Sky Sport & BT Sport subscriptions - 14%
Amazon Prime + BT Sport + Sky Sports - 13%
Source: Ampere Analysis
Lines sees the tech giants becoming stronger, but also points out the growing strength of aggregators like Perform, DAZN and Eleven. “We’ve just seen Eleven buy the UK and Irish rights to La Liga in Spain and DAZN may well launch an OTT sports channel soon, while Perform is working with many big sports leagues all around the world.
”The business models of sports broadcasting are changing and direct-to-consumer looks like the way forward with more fans being comfortable making micro payments to watch what they want when and where they want it,” he says.
OTT services operated by leagues or federations are certainly the flavour of the month with Formula 1’s product a good example. Perhaps one of the most underrated is iFollow, the streaming service run by the 72 clubs of the English Football League (the country’s second, third and fourth football tiers) that allows matches from the three leagues to be watched outside of the UK and Ireland.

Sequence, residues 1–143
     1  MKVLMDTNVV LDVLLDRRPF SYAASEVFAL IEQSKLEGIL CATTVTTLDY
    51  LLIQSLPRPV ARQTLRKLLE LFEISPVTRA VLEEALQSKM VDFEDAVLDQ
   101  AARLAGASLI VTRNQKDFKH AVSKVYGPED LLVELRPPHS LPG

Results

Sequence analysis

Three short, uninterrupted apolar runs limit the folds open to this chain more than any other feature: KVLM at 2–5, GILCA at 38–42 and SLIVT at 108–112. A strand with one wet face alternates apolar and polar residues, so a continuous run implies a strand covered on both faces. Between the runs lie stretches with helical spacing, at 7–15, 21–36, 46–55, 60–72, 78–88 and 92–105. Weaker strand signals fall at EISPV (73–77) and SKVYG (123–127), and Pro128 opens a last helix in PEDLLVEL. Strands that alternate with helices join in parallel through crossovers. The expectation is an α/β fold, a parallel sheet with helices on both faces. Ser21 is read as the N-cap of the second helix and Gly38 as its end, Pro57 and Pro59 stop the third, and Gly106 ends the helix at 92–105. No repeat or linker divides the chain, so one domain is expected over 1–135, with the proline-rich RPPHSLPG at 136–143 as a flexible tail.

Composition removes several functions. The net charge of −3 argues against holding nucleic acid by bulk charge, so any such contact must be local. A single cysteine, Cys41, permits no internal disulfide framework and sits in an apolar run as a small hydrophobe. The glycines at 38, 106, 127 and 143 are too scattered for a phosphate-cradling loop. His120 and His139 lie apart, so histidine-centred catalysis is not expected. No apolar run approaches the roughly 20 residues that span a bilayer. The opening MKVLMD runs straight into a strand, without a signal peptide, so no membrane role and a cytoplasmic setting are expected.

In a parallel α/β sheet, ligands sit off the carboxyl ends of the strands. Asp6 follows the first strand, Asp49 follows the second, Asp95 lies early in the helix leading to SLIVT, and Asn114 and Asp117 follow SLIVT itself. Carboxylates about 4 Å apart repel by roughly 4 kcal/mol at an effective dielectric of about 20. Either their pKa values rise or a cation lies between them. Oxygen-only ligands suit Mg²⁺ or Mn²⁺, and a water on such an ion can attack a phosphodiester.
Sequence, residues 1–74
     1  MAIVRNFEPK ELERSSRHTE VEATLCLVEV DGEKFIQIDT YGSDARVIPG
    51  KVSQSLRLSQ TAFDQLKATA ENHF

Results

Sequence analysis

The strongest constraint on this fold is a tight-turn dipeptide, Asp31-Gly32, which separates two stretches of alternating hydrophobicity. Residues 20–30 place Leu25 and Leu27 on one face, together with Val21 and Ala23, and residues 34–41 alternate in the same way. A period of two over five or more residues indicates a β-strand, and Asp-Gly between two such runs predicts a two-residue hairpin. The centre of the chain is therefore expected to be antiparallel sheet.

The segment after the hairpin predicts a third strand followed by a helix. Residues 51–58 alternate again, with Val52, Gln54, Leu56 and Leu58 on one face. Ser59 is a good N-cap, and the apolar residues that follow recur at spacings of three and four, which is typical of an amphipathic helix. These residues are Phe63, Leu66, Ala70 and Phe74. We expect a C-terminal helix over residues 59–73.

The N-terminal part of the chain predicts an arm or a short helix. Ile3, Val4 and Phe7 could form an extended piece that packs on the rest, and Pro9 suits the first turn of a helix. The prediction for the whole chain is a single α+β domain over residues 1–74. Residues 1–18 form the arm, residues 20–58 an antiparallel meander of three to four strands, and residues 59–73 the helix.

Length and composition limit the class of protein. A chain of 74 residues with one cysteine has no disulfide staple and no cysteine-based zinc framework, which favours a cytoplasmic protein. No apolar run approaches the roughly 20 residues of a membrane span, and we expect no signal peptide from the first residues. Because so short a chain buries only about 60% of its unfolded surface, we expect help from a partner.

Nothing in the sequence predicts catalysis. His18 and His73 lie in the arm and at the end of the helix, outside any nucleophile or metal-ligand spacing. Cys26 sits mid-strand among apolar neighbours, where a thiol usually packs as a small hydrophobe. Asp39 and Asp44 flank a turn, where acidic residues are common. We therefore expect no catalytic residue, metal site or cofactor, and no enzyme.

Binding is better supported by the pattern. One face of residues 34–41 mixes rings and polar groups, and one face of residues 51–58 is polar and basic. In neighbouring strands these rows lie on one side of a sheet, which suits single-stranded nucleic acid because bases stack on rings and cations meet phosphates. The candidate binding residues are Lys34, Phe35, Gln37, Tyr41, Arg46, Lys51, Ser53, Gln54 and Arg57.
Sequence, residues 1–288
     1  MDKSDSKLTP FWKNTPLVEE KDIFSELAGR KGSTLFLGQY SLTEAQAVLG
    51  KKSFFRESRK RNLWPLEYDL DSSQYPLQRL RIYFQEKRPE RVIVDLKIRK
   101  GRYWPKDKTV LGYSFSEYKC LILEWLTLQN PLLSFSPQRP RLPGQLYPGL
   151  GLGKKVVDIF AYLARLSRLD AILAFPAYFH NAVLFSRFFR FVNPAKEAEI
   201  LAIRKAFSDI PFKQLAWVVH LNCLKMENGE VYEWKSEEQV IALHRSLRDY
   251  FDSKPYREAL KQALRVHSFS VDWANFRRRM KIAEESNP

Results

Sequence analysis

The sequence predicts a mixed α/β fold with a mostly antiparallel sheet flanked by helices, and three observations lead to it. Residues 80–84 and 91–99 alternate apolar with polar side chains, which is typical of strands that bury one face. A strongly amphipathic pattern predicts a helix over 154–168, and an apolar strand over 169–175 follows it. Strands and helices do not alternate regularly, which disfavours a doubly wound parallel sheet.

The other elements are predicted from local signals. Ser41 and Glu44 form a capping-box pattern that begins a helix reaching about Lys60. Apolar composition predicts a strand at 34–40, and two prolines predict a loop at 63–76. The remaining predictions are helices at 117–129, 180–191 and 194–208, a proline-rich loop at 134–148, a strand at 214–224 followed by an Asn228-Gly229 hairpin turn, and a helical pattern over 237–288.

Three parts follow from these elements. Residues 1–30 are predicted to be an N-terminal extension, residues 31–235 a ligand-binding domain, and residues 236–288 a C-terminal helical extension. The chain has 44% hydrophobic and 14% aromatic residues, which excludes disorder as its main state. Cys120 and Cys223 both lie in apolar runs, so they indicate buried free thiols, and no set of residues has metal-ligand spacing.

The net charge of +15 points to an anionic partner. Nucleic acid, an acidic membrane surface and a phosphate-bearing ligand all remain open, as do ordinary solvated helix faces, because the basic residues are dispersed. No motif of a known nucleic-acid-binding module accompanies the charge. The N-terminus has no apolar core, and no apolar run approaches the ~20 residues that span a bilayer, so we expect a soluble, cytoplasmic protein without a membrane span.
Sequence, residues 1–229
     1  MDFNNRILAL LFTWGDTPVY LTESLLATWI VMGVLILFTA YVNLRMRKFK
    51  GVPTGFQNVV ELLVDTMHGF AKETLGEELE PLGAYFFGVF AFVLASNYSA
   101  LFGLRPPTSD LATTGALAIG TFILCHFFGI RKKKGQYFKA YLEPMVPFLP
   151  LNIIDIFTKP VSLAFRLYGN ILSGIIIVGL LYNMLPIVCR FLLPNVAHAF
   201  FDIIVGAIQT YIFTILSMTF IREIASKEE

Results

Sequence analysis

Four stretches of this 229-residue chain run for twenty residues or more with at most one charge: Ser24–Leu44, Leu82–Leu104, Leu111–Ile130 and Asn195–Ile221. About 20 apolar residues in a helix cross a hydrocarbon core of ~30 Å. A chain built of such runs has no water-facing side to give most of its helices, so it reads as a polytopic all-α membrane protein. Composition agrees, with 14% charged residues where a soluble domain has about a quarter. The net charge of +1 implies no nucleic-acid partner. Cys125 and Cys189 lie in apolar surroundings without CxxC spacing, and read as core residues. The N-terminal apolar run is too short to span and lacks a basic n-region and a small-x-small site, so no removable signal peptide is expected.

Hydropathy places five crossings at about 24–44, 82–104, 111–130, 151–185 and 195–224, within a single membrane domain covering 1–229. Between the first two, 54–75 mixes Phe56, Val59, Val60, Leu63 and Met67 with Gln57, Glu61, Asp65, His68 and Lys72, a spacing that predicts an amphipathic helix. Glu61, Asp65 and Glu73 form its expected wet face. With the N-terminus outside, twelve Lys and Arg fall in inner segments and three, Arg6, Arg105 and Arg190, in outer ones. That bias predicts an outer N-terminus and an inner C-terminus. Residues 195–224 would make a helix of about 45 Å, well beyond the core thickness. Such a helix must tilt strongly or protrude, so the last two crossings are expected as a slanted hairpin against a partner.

“I think the EPL learned a lot in this auction,” says Lines, “particularly that they need to think more carefully about how to put packages together.” These comments come after it took almost four months to finalise these final two of the seven EPL packages - in bold below - on offer.
What was on offer?
Package A - BT Sport: 32 matches, Saturdays at 12:30pm
Package B - Sky Sports: 32 matches on Saturdays at 5:30pm
Package C - Sky Sports: 24 matches, Sundays at 2:00pm & 8 matches, Saturdays at 7:45pm
Package D - Sky Sports: 32 matches, Sundays at 4:30pm
Package E - Sky Sports: 24 matches, Mondays at 8:00pm or Fridays at 7:30/8:00pm & 8 matches on Sundays at 2:00pm
Package F - Amazon: 10 matches from one Bank Holiday & all 10 Boxing Day
Package G – BT Sport: 20 matches from two midweek fixture programmes